By Claire West

A Yorkshire-based company which received advance payment from numerous customers for sports equipment which it then failed to supply has been wound up in the High Court following an investigation by Company Investigations of the Insolvency Service.

Argos Sports (UK) Limited, which has no connection with the high street retailer known as Argos, sold sports equipment to the public through the website The company’s trading succeeded that of an associated company, Argos Sports Limited, which went into compulsory liquidation in July 2008 with an estimated deficiency of £1.18m, mainly comprised of liabilities to suppliers of sports equipment. Argos Sports (UK) Limited appears to have used the same website as that previously used by Argos Sports Limited in order to effect internet sales and there were common features in the control of the companies, even though they did not share named company officers.

Commenting on the case, Investigation Supervisor, Colin Cronin of The Insolvency Service, said;

“Companies that deliberately set out to mislead customers and fail to produce the goods and services they claim to offer undermine the confidence the public has in business. The Insolvency Service regards this as serious misconduct and the action taken in this matter sends a clear and simple message to company directors — if you run a business that seeks to cheat customers and trading partners you will be closed down.”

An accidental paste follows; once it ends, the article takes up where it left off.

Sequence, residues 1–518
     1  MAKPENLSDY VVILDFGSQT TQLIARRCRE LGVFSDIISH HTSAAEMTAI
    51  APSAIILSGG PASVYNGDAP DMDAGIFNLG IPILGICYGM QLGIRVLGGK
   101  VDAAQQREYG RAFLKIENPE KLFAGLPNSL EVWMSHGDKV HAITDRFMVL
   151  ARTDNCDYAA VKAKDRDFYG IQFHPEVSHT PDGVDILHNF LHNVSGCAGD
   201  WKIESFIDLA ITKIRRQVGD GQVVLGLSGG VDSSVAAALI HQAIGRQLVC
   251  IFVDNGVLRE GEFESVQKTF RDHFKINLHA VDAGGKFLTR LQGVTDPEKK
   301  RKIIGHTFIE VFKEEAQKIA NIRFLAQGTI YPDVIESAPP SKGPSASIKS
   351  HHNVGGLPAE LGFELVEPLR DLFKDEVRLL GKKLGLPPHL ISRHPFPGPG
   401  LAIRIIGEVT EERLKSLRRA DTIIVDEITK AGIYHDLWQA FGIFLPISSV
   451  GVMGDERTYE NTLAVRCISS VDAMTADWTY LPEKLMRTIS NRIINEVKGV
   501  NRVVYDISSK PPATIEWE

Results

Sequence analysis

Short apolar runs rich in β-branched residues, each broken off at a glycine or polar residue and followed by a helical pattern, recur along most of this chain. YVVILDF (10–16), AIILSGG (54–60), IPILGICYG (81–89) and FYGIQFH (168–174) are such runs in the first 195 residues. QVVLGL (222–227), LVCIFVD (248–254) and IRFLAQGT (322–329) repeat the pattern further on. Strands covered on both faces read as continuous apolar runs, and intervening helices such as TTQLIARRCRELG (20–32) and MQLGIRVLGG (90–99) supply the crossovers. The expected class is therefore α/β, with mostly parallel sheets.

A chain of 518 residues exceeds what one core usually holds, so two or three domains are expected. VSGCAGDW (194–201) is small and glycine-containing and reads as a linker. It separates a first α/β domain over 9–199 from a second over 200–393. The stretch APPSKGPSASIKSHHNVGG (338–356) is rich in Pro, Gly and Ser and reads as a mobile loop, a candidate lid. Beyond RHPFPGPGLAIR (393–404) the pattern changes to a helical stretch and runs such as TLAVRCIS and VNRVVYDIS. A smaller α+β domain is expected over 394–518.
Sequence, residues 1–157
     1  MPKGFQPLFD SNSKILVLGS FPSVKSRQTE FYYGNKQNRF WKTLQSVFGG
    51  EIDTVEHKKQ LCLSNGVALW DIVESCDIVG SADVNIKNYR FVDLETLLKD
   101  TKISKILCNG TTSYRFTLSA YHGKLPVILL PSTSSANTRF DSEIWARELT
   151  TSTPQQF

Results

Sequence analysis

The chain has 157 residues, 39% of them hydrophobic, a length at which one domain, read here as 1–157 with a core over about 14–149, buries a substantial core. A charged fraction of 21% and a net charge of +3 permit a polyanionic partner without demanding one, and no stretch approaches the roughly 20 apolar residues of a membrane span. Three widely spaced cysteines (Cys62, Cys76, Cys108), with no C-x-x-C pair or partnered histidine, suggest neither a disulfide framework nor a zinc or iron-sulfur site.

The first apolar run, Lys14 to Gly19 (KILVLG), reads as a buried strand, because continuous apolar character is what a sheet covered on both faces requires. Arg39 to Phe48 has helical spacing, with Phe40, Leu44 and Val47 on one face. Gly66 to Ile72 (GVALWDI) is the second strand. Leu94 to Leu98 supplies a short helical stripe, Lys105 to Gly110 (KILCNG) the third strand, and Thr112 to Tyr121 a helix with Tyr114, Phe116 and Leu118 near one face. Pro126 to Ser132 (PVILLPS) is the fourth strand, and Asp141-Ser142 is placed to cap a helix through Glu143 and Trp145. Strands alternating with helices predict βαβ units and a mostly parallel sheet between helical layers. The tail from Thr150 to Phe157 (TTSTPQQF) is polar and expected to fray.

In winding-up Argos Sports (UK) Limited the High Court found that there was a lack of transparency in the control of the company such that past and present directors could either not be traced or explain with any clarity the sequence of governance of the company. In particular, numerous complaints had been made by members of the public to the Consumer Direct division of the Office of Fair Trading during a period when the true ownership and control of the company could not be established. The complaints typically involved a failure by the company to supply goods paid for in advance by customers. In addition, no accounting records were produced during the investigation to explain how the company’s income of £1.8m was spent and whether the transactions shown on the company’s bank account (particularly substantial loan transactions) were in the best interest of the company and its creditors.